• Parsley, chopped -- 1/2 bunch
  • White fish fillets, chopped -- 2 pounds
  • Bread crumbs -- 1/2 cup
  • Water or milk -- 1/4 cup
  • Salt and pepper -- to season
  • Oil for deep frying
Tomato Sauce
  • Oil -- 3 tablespoons
  • Onion, finely chopped -- 1
  • Chile peppers, minced (optional) -- 1 to 3
  • Garlic, minced -- 2 to 3 cloves
  • Tomatoes, chopped -- 2 cups
  • Tomato paste -- 2 tablespoons
  • Water -- 2 cups
  • Salt and pepper -- to taste


  1. Add the onion, chiles and parsley to to a food processor or large mortar and process until smooth. Add the fish and continue to process until smooth and pasty. Remove to a bowl.
  2. Stir the bread crumbs and water or milk together in a small bowl, then stir into the fish mixture. Season with salt and pepper.
  3. Using oiled hands, form the fish mixture into golf ball-sized balls and set them on a tray.
  4. Heat the oil in a deep fryer or around 1-inch deep in a large pot to around 365°F. Add a few of the fish balls and deep fry, turning often, until golden brown on the outside. Remove to a paper towel-lined plate and repeat with the remaining fish balls. Set the fish balls aside.
  5. For the sauce, heat the 3 tablespoons of oil in a saucepan over medium flame. Add the onion, chiles and garlic and saute until the onion is cooked through and translucent. Stir in the tomatoes and tomato paste and simmer for 3 or 4 minutes. Stir in the water and season with salt and pepper. Simmer for another 4 or 5 minutes.
  6. Stir the fish balls into the tomato sauce and simmer another minute or two. Adjust seasoning and serve over rice pilaf or ceebu jen.


  • Use any type of hot chile pepper you like. Habanero or Scotch bonnet peppers work well. Eliminate the peppers if you don't like spicy food.
  • Africans love Maggi® seasoning. Stir a crushed Maggi cube or a fish or chicken bouillon cube into the fish ball mixture for extra flavor.

Ceebu Jen

(Senegalese fish with rice and vegetables)
Ceebu jen (cheh-boo jen) is one of the most popular dishes in Senegal, especially along the coast. A Wolof term meaning "rice and fish," ceebu jen is a tomatoey mix of fish, rice and cooked vegetables that shows a strong resemblance to Spanish paella and Creole jambalaya.
Image Creative Commons by Jon Stammers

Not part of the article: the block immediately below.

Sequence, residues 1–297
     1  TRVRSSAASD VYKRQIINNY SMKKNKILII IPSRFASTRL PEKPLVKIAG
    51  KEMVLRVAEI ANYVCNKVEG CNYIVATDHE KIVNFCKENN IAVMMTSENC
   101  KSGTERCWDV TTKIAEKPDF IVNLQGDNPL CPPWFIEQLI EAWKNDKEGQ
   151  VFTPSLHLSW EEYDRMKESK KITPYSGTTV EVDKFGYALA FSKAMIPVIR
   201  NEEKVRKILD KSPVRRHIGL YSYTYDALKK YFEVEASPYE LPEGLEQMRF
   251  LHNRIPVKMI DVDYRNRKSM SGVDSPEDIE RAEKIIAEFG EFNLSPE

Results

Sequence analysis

A wide variety of vegetables and fish can be used, making ceebu jen an extremely versatile dish. Also spelled thieboudiennetiéboudiennethiep bou diencep bu jën.
4 to 6 servings


  • Whole fish (or fillets, see variations), cleaned -- about 2 pounds
  • Parsley, finely chopped -- 1/4 cup
  • Hot chile peppers, finely chopped -- 2 or 3
  • Garlic, minced -- 2 or 3 cloves
  • Salt and pepper -- to season
  • Peanut, dendê or vegetable oil -- 1/4 cup
  • Onions, chopped -- 2
  • Tomato paste -- 1/4 cup
  • Stock or water -- 5 cups
  • Carrots, cut into rounds - 3
  • Cabbage, cut into wedges -- 1/2 head
  • Pumpkin or winter squash, peeled and cubed -- 1/2 pound
  • Eggplant, cubed -- 1
  • Rice -- 2 cups
  • Salt and pepper -- to season
  • Lemons, cut into wedges -- 3


  1. Rinse the fish inside and out with cool water and pat dry. Cut three diagonal slashes about 1/2 inch deep in each side of the fish. Mix the chopped parsley, chile peppers, garlic, salt and pepper and stuff the mixture (called roff) into the slashes on the fish.
  2. Heat the oil in a large, deep pot over medium-high flame. Brown the fish on both sides in the hot oil and remove to a plate.
  3. Add the chopped onions to the hot oil and saute until cooked through and just beginning to brown, 5 to 7 minutes. Stir in the tomato paste and about 1/4 cup of water and cook for another 2 to 3 minutes.
  4. Stir in the stock or water, carrots, cabbage, pumpkin and eggplant and simmer over medium heat for 35 to 45 minutes, or until the vegetables are cooked through and tender. Add the browned fish and simmer for another 15 minutes or so. Remove the fish and vegetables and about 1 cup of the broth to a platter, cover and set in a warm oven.
  5. Strain the remaining broth, discarding the solids. Add enough water to the broth to make 4 cups and return to heat. Bring the broth to a boil, stir in the rice and season with salt and pepper. Reduce heat to medium-low, cover and simmer for 20 minutes, or until the rice is cooked through and tender.
  6. Spread the cooked rice in a large serving platter, including any crispy bits (thexooñ) sticking to the bottom of the pan. Spread the vegetables over the center of the rice and top with the fish. Finally, pour the reserved broth over all. Serve with lemon wedges. Ceebu jen is traditionally eaten with the hands from a common serving dish.


  • Fish: You can use whole fish or fish fillets. Any firm white-fleshed fish works well. If using fillets, try marinating the fillets in the parsley mixture (roff) instead of using it as a stuffing, then add the roff to the sauteing onions. Most Senegalese also add small amounts of smoked, dried fish (guedge) and fermented snails (yete) to ceebu jen. They add an incomparable, smoky flavor.